On their emergence in 2002 The Polyphonic Spree split people into three camps: those who thought the faintly-religious imagery of almost 30 Texans in robes singing happy songs was too much to bear, those who accepted the music as joyously melodic and didn’t give a crap about the baggage, and those who bought Welcome by Taproot. Obviously that’s overly simplistic, but for a band seemingly so eager to please it was alarming to see how many people greeted them with antipathy.
Good thing, then, that The Fragile Army marks a coherent step forwards for the Spree, because even though their musical template remains disarmingly familiar, the execution has been refined to iron out the pop imperfections. The title track is a yearning ode to insecurity - ”We all want to know if we bury the ones we love the most” goes the refrain, suggesting that, far from being the happy-clappy nutbags they were characterised as five years ago, they’re actually attempting to write proper songs without the novelty of having two thousand members. It’s like the sun’s gone down in Tellytubby Land.
’Younger Yesterday’ suggests a hankering for days of yore, but is expressed in a far less clichéd manner than could be expected. Frontman Tim DeLaughter has managed to tone down the annoying vocal inflections that made The Beginning Stages Of… so forgettable and instead has worked on finding some lush harmonies that practically soar when combined with the choir. And while it could be dismissed as a cheap trick, there’s simply no better way to make a buoyant pop song take to the skies than to subtitle it with a dozen different voices, as on ’Guaranteed Nightlife’. While it’s undeniable that you might have to be in a particular mood to not find the relentless perkiness of the Spree tooth-grindingly awful, this is the aural equivalent of getting home juuuuust in time for Match of The Day – if you like football, you’re onto a winner but if not, then you’re fucked.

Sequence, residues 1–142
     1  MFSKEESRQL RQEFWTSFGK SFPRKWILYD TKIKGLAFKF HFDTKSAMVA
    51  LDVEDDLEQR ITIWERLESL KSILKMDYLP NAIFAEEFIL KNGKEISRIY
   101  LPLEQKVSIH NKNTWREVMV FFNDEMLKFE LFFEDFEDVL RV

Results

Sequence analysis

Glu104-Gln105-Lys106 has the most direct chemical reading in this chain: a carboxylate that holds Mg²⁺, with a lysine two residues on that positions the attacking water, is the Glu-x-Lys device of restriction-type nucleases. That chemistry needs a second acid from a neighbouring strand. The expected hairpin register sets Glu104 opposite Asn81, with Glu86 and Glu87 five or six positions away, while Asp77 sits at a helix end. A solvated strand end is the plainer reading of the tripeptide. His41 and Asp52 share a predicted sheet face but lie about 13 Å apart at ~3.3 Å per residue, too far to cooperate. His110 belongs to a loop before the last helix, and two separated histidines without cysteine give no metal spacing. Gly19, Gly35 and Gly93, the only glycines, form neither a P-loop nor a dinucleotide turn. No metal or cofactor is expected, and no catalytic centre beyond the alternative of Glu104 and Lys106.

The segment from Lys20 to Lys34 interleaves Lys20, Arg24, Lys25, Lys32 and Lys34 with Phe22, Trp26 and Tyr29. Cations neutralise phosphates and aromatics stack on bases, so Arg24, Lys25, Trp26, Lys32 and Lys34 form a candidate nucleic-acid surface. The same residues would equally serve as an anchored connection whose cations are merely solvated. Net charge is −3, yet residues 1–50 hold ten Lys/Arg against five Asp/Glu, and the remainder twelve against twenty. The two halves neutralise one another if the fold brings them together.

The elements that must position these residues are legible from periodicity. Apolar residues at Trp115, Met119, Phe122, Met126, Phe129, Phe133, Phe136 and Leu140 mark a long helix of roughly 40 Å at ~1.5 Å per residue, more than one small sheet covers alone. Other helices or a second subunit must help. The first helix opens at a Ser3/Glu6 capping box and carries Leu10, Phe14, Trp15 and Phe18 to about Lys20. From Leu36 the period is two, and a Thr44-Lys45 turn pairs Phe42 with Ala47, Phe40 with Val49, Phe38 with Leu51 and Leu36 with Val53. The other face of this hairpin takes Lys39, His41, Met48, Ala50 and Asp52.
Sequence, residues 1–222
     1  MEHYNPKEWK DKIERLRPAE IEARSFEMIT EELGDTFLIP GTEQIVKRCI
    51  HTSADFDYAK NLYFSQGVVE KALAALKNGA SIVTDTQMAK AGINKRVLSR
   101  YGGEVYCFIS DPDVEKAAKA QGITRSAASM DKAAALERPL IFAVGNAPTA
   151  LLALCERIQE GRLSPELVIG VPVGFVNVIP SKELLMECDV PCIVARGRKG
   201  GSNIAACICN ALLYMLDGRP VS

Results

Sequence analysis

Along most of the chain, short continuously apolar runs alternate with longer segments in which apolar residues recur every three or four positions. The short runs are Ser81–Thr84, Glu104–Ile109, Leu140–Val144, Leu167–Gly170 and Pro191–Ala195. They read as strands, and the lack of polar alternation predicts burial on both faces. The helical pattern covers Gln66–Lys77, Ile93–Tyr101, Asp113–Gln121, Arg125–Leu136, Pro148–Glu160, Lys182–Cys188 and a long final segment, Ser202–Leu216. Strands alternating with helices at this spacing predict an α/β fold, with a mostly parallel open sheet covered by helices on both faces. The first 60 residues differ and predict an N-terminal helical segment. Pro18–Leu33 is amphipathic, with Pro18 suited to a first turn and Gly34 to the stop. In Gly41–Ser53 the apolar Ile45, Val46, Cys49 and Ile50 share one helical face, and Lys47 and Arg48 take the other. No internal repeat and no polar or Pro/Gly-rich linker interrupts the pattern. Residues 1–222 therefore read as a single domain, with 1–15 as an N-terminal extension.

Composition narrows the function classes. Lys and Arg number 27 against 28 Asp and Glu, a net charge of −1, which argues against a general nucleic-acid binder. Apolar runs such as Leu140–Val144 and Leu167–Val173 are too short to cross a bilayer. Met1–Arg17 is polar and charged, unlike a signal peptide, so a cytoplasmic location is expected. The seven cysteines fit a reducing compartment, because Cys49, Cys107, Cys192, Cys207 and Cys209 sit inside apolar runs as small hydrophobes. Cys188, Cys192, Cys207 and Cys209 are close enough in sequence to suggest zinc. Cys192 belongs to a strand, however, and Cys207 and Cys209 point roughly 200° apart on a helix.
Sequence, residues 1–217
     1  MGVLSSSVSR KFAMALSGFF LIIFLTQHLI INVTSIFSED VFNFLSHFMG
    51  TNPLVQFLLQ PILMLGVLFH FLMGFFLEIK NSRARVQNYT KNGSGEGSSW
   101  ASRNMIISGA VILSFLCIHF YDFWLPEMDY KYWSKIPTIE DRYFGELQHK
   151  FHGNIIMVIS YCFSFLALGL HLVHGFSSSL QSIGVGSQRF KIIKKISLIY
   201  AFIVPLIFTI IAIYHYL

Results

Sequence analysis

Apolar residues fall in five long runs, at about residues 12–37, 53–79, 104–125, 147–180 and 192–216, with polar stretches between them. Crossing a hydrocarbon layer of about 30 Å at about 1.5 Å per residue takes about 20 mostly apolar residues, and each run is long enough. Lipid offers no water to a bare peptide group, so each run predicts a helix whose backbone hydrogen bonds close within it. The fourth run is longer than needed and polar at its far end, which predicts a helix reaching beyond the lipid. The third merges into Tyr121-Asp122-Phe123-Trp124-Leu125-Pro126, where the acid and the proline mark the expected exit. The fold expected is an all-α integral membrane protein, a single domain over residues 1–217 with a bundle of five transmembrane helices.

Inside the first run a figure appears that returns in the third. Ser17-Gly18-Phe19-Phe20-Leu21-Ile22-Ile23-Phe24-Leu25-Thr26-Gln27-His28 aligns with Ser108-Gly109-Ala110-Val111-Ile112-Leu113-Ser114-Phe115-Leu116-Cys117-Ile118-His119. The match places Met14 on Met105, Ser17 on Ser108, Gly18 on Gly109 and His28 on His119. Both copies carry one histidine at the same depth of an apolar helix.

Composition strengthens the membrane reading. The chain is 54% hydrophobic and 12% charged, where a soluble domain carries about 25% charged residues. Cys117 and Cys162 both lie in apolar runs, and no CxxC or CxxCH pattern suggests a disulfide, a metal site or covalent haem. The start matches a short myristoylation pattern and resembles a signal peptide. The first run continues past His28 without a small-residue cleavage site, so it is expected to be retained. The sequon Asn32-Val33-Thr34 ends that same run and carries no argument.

And there’s a pleasing strand of experimentation running through The Fragile Army that, even though it could have been developed slightly further, suggests that the Spree are more than a one-trick, um, choir. ’Mental Cabaret’ has a stomping disco shimmer and ’Light To Follow’ starts off disarmingly naked before building itself up into a familiar crescendo. It’s by no means a reinvention of the wheel, but as a simple reminder that sometimes the world isn’t purely gash, it’s hard to beat. Hipsters need not apply, though.